• Digital-Health-Conference-2020

Invited SpeakersProfile Details

Dr. Nasser Aljehani
Dr. Nasser Aljehani Dr. Nasser Aljehani is a Family Medicine Physician and Clinical Informatician at King Fahad Medical City in Riyadh, Saudi Arabia.

Biography

 Dr. Nasser Aljehani is a Family Medicine Physician and Clinical Informatician at King Fahad Medical City in Riyadh, Saudi Arabia.
He graduated from King Saud University Faculty of Medicine in 2008. He then finished a year of fellowship in Quality Improvement and Patient Safety from Baylor College of Medicine in the United States, where he worked with the Senior Vice President of Performance Improvement. He was granted the American Board of Family Medicine after he finished his training at Texas Tech University in the United States, where he also served as Chief Resident. During his year as Chief Resident, he designed and implemented a new on-call system that focused on better and safer care for patients as well as improved the training experience for the residents.
After his residency, he joined The Ohio State University and Nationwide Children’s Hospital in the United States as a fellow where he finished a two-year fellowship in Clinical Informatics. He accomplished multiple modules implementations and quality projects that focused on patient safety and lowering cost. Currently, he is helping in leading the implementation of Epic system, the best ranked Electronic Medical Record in KLAS, in King Fahad Medical City, the largest medical city in the Middle East.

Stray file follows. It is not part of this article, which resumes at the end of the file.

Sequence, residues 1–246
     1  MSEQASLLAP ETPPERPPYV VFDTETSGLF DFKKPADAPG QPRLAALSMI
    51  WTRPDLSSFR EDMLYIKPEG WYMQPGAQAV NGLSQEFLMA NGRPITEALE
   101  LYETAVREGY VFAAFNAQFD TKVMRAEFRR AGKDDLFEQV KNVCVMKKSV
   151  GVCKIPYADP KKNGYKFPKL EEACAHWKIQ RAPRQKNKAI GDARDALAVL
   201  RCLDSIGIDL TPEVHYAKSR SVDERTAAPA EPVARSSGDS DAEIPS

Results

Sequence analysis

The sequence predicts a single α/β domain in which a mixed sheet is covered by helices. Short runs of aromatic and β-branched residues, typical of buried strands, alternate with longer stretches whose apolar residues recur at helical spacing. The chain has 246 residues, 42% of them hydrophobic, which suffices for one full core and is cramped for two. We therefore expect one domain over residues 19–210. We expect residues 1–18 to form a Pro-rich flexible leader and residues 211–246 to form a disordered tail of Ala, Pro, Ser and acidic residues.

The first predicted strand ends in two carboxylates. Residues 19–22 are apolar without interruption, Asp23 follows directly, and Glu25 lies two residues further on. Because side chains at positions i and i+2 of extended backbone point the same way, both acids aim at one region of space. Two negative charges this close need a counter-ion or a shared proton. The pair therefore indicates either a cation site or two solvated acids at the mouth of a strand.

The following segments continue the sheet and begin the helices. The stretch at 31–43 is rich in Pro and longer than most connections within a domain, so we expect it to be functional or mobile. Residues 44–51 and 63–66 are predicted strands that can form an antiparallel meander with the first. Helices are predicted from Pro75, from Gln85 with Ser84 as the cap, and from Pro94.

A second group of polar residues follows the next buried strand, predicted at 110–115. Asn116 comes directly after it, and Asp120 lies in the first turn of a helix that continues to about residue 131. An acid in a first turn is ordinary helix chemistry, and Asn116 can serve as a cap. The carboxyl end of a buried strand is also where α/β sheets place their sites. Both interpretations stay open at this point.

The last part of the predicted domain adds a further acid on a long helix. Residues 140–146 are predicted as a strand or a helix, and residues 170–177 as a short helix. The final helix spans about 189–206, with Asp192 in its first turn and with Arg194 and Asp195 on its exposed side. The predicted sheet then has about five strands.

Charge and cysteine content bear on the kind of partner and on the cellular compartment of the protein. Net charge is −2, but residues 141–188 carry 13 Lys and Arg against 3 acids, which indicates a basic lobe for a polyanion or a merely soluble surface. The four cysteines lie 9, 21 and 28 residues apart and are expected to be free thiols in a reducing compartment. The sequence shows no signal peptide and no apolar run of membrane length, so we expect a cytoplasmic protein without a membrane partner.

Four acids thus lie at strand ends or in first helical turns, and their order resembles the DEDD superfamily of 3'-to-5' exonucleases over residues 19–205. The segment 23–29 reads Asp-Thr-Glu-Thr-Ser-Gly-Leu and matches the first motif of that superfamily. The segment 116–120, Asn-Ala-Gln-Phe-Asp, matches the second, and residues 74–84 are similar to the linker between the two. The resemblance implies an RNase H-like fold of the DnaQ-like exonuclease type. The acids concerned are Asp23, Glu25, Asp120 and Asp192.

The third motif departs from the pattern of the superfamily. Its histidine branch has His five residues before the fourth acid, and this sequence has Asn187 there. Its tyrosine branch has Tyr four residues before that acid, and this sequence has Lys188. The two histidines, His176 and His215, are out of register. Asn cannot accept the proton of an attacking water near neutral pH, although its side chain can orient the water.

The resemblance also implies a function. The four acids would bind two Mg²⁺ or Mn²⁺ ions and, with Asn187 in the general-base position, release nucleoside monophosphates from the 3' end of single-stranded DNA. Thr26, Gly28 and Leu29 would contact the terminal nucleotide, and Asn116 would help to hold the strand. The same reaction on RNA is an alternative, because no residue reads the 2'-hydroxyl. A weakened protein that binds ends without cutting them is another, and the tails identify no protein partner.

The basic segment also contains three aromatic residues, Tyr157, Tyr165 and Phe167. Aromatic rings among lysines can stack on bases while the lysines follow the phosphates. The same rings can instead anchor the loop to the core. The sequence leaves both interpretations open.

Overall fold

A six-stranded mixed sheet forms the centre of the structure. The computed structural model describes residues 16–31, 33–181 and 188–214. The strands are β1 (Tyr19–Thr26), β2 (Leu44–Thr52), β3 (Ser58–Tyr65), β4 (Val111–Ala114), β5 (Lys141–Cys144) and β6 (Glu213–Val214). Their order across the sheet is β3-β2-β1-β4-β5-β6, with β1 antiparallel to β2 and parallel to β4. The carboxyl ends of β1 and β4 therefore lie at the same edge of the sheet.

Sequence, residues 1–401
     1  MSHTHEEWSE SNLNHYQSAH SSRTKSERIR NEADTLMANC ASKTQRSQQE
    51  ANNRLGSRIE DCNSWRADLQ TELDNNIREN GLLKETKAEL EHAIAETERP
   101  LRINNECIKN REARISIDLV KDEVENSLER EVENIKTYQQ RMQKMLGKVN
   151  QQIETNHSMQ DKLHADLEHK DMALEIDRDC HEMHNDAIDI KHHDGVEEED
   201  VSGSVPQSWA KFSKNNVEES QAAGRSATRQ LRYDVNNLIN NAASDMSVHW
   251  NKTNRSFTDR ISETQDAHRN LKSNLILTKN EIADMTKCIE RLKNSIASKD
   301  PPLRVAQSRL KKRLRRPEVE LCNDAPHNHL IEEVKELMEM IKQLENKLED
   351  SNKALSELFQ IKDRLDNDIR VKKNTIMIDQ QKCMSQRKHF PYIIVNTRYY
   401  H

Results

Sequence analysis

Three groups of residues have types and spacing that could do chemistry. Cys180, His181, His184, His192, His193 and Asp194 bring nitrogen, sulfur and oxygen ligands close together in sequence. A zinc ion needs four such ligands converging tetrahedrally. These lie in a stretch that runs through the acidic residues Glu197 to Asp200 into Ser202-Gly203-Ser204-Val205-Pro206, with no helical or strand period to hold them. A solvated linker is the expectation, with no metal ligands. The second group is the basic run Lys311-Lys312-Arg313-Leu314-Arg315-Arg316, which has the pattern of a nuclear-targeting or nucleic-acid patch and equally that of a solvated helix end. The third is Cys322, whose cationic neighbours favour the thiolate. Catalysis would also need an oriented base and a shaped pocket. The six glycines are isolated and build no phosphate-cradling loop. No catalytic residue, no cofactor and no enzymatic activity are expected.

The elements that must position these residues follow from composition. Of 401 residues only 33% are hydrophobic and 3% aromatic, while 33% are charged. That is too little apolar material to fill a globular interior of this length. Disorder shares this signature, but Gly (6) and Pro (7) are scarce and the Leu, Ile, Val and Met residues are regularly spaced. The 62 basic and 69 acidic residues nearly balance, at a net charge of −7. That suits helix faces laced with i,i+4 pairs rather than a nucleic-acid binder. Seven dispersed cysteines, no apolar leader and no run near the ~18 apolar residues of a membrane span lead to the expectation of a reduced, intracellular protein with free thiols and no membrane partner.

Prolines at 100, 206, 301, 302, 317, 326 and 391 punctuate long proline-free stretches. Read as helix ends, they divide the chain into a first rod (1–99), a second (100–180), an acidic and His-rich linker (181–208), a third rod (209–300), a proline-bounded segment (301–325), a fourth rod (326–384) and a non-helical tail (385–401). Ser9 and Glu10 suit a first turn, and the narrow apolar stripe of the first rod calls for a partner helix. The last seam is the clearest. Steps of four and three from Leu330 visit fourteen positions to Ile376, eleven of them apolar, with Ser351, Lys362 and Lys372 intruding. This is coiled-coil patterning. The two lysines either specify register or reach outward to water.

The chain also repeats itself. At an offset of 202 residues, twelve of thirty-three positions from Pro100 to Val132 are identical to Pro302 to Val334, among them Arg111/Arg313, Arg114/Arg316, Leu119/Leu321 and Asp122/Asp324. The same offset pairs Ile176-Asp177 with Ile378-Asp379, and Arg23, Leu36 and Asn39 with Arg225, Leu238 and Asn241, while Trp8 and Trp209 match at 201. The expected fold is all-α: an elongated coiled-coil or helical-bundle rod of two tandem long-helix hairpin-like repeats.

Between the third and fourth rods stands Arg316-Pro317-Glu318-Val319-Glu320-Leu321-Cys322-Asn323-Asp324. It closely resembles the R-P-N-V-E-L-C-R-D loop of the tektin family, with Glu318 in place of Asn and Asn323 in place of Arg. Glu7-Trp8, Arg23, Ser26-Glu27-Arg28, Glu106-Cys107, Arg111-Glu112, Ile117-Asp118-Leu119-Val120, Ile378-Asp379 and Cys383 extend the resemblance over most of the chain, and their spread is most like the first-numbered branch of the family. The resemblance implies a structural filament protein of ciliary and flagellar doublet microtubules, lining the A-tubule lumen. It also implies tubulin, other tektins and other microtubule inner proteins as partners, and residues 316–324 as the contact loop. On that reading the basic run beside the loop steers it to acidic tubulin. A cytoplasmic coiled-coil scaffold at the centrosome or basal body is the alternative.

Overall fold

Dr. Aljehani is interested in driving value-based clinical care through leveraging technology and the use of data in medicine.

All sessions by Dr. Nasser Aljehani

  • Day 1Monday, January 20th
Session 2 : Digital Health and Wellness (Chair Prof. Xin Gao)
1:50 pm

Closing the Data Loop in Healthcare Through Automation: Toward Safer, Higher Quality, Faster Services

Every day, data are being generated in healthcare by hospitals. In today’s medicine, the majority of patient’s data are generated inside clinical facilities. Providers then utilize data in order to make conclusions and make decisions for patients.

In future medicine, this data cycle will be closed using automation and taking advantage of all the data that patients generate outside clinical facilities as well. Closing the data loop through automation will help bring faster decisions by eliminating the middlemen in healthcare delivery processes. It also can help us focus on what matters to patients by personalizing healthcare based on the data that patients generate.

Automating clinical decisions based on patient’s data will not only help sick patients but also can be utilized to promote health for healthy people. Closing the data loop through automation comes with its challenges and barriers, which we will discuss in this topic.

Building 19, Hall 1 13:50 - 14:15 Details

3:45 pm

PANEL DISCUSSION - (Moderator - Takashi Gojobori) (Co-Moderator - Fadwa Attiga)

Building 20 15:45 - 16:45 Details